Every year for over thirty years, The European Film Awards has celebrated the best of European cinema. An awards ceremony takes place every other year in Berlin.
The German capital is an iconic European city if ever there was one. It’s where the idea to unite European cinema began. It’s where the structure, that would allow fellow authors and film professionals to come together, started.
Marion Doring is president of the European Film Academy and she told me about its beginnings that she remembers well:
“When it started in 1988, Europe was still divided, Berlin was divided, the filmakers felt like loners, they wanted to connect, they wanted to join forces to do more for their films.
“The people and the European film industry has achieved so much in these 33 years.”
This year’s hopefuls
One of the films expected to go far in the competition this year is Berlin Alexanderplatz by Buhran Qurbani. It’s based on a novel by Alfred Döblin and depicts the depths of the German city’s underworld. The book was also adapted to the screens by German director, Rainer Fassbinder, in 1980.
Another remarkable film being presented is Pietro Marcello’s adaption of ‘Martin Eden’, a literary classic written by Jack London. The Italian director sets the scene in 20th century Naples.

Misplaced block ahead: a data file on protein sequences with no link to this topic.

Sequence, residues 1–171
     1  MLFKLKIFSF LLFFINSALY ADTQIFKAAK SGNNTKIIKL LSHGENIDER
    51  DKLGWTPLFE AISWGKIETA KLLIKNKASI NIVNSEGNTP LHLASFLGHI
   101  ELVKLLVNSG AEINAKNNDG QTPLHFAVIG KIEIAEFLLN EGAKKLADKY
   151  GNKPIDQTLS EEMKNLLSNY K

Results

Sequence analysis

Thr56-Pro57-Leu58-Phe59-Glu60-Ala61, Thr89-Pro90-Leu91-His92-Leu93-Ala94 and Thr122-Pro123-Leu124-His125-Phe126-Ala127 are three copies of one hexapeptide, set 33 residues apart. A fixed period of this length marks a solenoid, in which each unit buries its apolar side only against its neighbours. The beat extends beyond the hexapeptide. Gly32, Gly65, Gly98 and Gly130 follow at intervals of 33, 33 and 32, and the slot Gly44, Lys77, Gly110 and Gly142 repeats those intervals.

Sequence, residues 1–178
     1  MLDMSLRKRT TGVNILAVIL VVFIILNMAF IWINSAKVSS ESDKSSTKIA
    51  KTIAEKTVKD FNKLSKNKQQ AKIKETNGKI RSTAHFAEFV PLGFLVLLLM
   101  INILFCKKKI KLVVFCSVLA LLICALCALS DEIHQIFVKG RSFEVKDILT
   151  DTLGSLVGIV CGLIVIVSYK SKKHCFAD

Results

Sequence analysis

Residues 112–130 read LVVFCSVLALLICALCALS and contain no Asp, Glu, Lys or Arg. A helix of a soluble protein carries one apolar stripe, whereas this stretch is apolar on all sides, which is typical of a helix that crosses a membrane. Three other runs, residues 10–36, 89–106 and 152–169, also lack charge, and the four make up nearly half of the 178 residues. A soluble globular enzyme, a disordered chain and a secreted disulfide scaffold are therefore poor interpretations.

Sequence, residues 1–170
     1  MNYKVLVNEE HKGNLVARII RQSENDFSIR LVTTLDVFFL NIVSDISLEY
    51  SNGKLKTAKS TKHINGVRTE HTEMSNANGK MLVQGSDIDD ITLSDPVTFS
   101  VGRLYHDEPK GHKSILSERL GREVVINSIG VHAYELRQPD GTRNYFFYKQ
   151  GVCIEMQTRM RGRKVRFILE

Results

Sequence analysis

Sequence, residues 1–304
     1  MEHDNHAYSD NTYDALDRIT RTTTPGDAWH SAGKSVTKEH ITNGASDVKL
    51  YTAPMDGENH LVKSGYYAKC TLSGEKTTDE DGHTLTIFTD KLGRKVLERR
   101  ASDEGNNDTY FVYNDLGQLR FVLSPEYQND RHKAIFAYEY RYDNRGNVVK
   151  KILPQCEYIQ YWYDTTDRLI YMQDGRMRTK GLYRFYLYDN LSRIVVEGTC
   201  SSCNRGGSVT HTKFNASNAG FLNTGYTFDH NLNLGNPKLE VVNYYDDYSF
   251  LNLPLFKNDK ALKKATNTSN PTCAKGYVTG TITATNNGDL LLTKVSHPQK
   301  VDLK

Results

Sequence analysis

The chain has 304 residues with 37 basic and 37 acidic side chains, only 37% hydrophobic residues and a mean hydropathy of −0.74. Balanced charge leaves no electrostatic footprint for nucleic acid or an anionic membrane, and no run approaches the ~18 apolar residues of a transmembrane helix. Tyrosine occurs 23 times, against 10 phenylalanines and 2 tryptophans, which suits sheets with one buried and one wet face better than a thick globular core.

One of the surprise films of the year comes from Poland and it’s called ‘Corpus Christi’. It’s directed by Jan Komasa and tells the story of a young delinquent, who by chance, ends up in the role of a priest in a small village where there are many secrets. It has been a great success.
‘Undine’ amused spectators at the Berlin film festival and it won Paula Beer the silver bear for best actress. The film tells the mythical story of Undine who has to kill a man who betrays her and then return to the water.
The Painted Bird is one of the outsiders. It’s a shocking film that lasts almost three hours. It follows the life of a Jewish child crossing Europe during the Holocaust.
One of the big favourites is ‘Another Round’ by Danish director, Thomas Vinterberg, who also created Festen. It’s about four friends who start to drink to cheer up their lives. The result is a combo of euphoria and hangovers.
The pandemic hits European cinema
But this year, films aren’t getting their usual publicity due to cinemas being largely closed throughout Europe because of the pandemic.
Marion Doring told me of the impact it is having. People can’t get to the cinema because theatres are closed.
Films this year have had to have their premieres online. Festivals were cancelled. She hopes that the European Awards Ceremony will help bring films back into public awareness.
_What is European cinema? _
The European taste and styles can only be described by Marion herself. She compares it to a well set table “on a good dinner table and you have a lot of good plates, good foods, various and different tastes and a lot of things to discover, and this is what European cinema is.
“Of course we have the national film cultures which have their own character.
“It’s like when you meet friends from all over Europe, we are family, we belong together although we are different.”